Rep. Bill Cassidy (R) v. Mary Landrieu (D)

      

Abortion has become a key issue in the race with Gov. Bobby Jindal singed new abortion legislation into law in June. Cassidy will likely use Landrieu’s pro-choice position against her since Louisianans tend to lean right on abortion issues. Landrieu is running on her experience in the Senate and fight against he President to protect energy industry jobs, a large source of employment in the state. Landrieu’s conservative critics have recently attacked Landrieu’s many efforts on behalf of the District of Columbia, the argument being that Landrieu has become a creature of Washington.

Though Landrieu began with a significant lead, the two candidates switched positions at the start of 2014 and the race has been very close since. Now, it is a near perfect tie with both Landrieu and Cassidy holding about 47 percent of the vote:

 

Guide to the Senate Races, Georgia Edition: David Perdue (R) v. Michelle Nunn (D)



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Though Georgia is considered a relatively solid Republican state in presidential elections, its changing demographic composition has made it an increasingly attractive target for Democrats. 

The Republican candidate, David Perdue, has been working as a businessman for 40 years, including roles as CEO at both Reebok and Dollar General. He also chaired the National Committee on Workforce and Development. The Democratic candidate, Michelle Nunn is the CEO of Points of Light, a volunteer coordination organization, and was appointed to the President’s Council on Service and Civic Participation under Bush. She considered running for U.S. Senate in 2004, but ultimately decided against it.                                                                                                       

David Perdue (R)      v.     Michelle Nunn (D)

        

The candidates’ histories in the private sector have driven the debate so far. Nunn has attacked Purdue for job layoffs as the result of mergers he oversaw as a CEO and for outsourcing jobs to exploit foreign labor. You can also expect to hear about Nunn’s salary of $225,000 as the CEO of Points of Light and about the layoffs that occurred when she took over the organization. Nunn’s team also leaked campaign memo outlining Nunn’s weaknesses as a candidate, calling her “too liberal.” It also included offensive fundraising strategies such as listing Jews as key fundraisers.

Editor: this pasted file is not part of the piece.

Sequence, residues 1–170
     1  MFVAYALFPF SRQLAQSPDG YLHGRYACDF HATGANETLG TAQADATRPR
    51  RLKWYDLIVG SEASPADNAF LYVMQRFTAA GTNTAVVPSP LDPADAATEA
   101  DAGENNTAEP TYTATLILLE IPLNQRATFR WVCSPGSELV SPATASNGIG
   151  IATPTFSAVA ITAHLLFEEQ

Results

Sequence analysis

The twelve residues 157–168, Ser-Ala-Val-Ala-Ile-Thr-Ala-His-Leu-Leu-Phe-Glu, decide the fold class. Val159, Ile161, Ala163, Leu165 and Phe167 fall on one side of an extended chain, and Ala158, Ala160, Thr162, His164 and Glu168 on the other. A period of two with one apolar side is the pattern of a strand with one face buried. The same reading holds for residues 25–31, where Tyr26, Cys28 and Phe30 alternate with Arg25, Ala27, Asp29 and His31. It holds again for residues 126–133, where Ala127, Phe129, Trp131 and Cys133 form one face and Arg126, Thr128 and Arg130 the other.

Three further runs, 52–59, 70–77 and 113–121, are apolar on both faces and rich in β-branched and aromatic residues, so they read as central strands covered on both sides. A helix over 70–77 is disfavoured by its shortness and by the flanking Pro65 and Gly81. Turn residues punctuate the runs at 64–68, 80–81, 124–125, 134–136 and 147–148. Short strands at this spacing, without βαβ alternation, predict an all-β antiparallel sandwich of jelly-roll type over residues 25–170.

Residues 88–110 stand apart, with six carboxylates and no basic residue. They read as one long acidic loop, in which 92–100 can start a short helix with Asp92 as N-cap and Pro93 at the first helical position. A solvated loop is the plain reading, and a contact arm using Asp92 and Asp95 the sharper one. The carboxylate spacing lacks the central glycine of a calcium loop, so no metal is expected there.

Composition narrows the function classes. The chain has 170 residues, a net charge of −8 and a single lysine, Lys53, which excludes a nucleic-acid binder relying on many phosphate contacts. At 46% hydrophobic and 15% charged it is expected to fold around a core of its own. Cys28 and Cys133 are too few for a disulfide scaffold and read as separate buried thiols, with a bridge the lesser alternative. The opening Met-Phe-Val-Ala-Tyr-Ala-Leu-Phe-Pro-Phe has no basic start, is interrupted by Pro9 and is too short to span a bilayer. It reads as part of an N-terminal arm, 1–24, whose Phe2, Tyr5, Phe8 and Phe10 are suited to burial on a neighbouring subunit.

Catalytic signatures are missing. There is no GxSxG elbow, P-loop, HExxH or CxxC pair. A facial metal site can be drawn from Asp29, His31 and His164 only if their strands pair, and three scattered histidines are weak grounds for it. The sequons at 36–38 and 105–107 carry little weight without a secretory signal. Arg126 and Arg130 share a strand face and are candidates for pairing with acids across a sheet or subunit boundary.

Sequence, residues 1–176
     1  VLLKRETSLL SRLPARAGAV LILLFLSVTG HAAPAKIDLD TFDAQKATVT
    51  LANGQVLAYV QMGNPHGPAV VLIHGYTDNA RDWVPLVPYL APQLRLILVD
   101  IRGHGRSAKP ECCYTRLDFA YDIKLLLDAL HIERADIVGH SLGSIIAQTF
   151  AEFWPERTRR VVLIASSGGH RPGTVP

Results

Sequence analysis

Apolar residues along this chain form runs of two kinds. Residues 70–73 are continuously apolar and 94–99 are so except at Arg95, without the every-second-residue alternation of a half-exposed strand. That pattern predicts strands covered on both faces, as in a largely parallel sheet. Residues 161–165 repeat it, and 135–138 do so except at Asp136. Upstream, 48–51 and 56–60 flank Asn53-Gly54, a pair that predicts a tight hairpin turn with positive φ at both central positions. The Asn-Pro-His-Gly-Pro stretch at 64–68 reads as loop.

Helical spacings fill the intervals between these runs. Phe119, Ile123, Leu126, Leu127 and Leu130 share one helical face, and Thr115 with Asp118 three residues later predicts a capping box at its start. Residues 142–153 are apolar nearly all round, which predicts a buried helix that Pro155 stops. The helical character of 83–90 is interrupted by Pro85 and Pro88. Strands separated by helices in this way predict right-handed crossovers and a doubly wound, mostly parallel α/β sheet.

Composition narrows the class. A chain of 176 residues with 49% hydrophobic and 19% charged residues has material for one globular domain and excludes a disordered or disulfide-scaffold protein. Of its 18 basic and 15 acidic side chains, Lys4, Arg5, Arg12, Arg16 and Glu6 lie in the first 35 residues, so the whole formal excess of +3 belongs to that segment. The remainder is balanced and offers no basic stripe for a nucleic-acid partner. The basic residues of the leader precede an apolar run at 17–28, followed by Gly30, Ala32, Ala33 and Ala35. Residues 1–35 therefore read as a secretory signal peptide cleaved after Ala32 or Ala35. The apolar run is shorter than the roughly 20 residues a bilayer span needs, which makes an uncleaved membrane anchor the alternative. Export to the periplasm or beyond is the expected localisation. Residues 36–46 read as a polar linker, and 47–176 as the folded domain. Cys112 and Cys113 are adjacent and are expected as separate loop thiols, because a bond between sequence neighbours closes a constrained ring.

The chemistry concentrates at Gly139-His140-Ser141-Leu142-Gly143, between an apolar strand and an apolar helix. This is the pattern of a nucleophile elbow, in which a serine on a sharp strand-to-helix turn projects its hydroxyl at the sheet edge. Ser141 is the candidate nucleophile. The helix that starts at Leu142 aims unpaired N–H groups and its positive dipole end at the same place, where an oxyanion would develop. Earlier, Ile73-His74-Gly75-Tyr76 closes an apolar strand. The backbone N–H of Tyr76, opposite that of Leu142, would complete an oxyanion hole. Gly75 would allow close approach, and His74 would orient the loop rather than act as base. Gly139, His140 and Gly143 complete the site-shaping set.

A typically red state, Georgia hasn’t elected a Democratic Senator in 14 years, and that is seeming less and less likely to change in 2014. Though they started out fairly even, Perdue has been slowing pulling further and further ahead since January and now holds a nearly 4 percent lead:

Remember the Second-Order Consequences of Legislation (and a Less-Conservative Lesson)



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That, of course, won’t be an unfamiliar lesson for many right-of-center policy types, or conservatives in general, but it’s always one worth bearing in mind nonetheless, because sometimes there are things we can do about it. It came to mind when I read this piece in Governing magazine, entitled “Ohio’s Bad Idea for Boosting Welfare-to-Work.” It caught my eye because I was interested in learning why a welfare-reform program with work requirements failed. Here was the program:

[In 2013] Ohio — for the first time in 18 years — started to see [its welfare] rolls climb, a function most likely of the effects of the Great Recession. The reversal got the attention of Republican Senate President Keith Faber, who late in the 2014 session added a provision to the state budget that would give welfare caseworkers bonuses for moving clients from welfare to work. Under the Faber plan, five counties will be chosen to participate (currently it’s not clear how they will be selected).

On its face, this seems like a good, old-fashioned and sensible run-government-like-a-business notion. Not only will it incentivize caseworkers to hustle, but it may illuminate some particularly successful tactics in finding folks jobs. It’s also not an unheard of notion. There are numerous welfare-to-work programs run by nonprofits that operate on a pay-for-performance basis. Providers get a certain amount upon evaluating a client’s skills and needs, a certain amount upon training, some more upon placement, and even further payments for clients who stay in their jobs for six months, a year, two years and so forth.

As the piece notes, there’s a track record of success for a lot of welfare-to-work programs, including ones that pay for performance — Ohio didn’t have a “bad idea” per se at all. But the Ohio plan didn’t quite consider their lessons: